Once reaching the valley floor the 5Th place team, ´Dancing Pandas´, caught up to us again. They are a much more experience team then us, and although we may be physically faster, they are a smarter and more efficient team. I was constantly amazed at how difficult it would prove to distance ourselves from this team. (they were great people and it was actually a lot of fun to race with them, but after awhile it was frustrating us to not be able to loose them!
Between both teams we nailed the CP and only had a short trek back to our bikes and a 58km biking stage.
Again, Dancing Pandas were faster than us in the transition and we spent time chasing them down on the bikes. We ended up taking a small detour into a Cactus Farm, snapped a fun photo and quickly got back on track. This bike stage was broken up with a truly arduous hike a bike section of about half a KM uphill. Once up top, we...yet again...came across D.P. It was not until this bike leg hit the significant climbing section that we were finally able to make time on this team.
The climb was steep and endless, lasting well over an hour, but we hardly stopped and knew that we were again making up good time on the rest of the field.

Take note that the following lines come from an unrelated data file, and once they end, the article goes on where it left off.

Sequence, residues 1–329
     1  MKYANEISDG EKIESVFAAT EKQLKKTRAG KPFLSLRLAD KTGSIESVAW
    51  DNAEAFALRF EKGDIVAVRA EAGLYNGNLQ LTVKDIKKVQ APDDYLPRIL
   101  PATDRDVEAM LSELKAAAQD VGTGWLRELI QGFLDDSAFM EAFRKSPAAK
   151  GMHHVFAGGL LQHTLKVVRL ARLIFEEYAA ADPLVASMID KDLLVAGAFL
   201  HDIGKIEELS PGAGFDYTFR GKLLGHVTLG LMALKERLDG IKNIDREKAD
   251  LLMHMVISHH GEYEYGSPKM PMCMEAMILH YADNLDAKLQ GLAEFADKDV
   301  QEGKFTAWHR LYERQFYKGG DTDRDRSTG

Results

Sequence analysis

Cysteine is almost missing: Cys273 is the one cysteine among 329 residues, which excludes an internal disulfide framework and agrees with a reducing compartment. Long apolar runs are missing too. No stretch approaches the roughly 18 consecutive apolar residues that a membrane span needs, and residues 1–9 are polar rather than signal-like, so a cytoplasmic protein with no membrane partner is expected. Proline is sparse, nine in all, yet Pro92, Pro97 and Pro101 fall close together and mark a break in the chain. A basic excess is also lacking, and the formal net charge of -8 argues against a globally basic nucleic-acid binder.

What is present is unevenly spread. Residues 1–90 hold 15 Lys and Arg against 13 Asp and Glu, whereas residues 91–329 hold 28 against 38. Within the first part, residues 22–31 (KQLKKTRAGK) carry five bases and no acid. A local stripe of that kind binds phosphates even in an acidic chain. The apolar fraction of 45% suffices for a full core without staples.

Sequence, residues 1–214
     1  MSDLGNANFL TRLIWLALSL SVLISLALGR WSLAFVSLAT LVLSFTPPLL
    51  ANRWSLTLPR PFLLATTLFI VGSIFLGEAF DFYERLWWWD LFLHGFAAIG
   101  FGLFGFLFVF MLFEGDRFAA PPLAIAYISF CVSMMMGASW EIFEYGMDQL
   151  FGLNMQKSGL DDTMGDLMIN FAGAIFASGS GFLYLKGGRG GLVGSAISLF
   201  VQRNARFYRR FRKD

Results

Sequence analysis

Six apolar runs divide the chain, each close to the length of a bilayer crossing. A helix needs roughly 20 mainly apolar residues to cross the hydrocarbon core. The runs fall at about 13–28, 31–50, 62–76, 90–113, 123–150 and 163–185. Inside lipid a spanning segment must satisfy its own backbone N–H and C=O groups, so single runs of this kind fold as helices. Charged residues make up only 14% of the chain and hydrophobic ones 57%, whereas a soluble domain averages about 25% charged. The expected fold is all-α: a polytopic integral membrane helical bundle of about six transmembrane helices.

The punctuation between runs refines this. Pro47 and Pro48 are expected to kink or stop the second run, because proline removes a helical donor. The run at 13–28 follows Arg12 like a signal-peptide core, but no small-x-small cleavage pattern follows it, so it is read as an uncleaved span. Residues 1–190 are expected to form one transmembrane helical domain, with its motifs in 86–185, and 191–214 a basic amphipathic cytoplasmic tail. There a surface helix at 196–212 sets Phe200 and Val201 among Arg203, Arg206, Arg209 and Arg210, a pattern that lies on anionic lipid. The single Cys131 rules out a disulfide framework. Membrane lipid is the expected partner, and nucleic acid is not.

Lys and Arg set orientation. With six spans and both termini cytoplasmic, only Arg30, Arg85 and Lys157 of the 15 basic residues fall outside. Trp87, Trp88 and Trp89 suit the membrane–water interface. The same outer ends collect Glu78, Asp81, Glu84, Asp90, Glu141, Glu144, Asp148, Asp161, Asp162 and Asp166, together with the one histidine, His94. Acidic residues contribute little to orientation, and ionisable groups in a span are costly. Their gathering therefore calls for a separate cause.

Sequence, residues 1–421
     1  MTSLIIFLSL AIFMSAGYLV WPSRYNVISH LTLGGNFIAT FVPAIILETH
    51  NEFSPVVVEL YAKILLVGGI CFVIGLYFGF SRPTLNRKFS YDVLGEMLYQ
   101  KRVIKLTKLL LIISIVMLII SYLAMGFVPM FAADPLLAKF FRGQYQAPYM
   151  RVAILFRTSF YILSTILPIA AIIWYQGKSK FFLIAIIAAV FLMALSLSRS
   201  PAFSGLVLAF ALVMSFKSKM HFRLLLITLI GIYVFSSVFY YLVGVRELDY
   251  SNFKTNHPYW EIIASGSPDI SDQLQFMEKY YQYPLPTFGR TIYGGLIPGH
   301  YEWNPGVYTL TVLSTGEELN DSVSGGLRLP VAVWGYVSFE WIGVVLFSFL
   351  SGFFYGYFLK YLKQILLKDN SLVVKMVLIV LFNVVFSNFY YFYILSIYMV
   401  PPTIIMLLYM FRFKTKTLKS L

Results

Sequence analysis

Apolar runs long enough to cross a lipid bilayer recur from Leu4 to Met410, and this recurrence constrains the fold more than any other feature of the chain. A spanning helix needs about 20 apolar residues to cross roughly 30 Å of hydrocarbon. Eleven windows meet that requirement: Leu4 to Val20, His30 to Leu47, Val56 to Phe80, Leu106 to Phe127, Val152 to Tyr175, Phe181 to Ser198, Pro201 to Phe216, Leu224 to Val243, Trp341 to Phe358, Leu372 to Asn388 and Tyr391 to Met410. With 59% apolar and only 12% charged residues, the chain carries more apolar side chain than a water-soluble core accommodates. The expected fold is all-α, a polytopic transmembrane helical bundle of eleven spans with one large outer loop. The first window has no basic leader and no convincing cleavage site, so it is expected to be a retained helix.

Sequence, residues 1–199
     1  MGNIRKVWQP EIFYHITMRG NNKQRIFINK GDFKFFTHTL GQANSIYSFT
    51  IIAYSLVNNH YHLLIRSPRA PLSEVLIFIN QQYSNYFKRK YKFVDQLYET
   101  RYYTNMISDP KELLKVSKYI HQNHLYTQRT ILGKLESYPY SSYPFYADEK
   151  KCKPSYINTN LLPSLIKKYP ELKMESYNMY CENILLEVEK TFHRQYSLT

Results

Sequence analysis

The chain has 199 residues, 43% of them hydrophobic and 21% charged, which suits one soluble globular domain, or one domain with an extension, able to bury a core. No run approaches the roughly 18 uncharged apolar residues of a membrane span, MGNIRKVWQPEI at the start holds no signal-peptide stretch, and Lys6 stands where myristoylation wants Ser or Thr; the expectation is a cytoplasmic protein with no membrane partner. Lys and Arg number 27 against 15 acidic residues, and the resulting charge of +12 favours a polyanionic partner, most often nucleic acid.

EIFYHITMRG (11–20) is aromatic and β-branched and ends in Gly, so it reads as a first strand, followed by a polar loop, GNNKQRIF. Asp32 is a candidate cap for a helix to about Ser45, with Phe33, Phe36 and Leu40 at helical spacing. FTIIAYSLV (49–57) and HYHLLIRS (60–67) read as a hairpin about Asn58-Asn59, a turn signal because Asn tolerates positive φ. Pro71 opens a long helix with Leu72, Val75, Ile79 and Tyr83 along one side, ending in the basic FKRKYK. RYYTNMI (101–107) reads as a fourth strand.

We came flying into transition and were surprised to learn that we were now in 3rd place overall! With 2ND having left just 10 minutes ahead of us!
Apparently some teams had trouble navigating the 58km bike section and we managed to benefit from this. However, the people running this transition were not expecting to see us so soon and they were without all of our gear! We ended up having to wait a full 2hr for it to show up, but since we would be credited for this time, it was free sleep for us! We all managed about 30-45 minutes of rest, although no one managed to fully sleep. It was the middle of the day and not ideal conditions for doing so.
The next stage was another ´short´ trek of 17km. It was a virtually straight line on the map, but littered with cactus and scrub along the actual route.
Todd, has found a new nickname. CACTUS BUTT! This man, as many of you know is large. Well I guess his sheer size makes it harder for him to avoid the cactus out on course, because I have never seen someone get hit by so much cactus before. He screamed when it first hit him in the foot and I told him that he would get over the pain within ten minutes.¨
But it feels like there are barbs in my foot!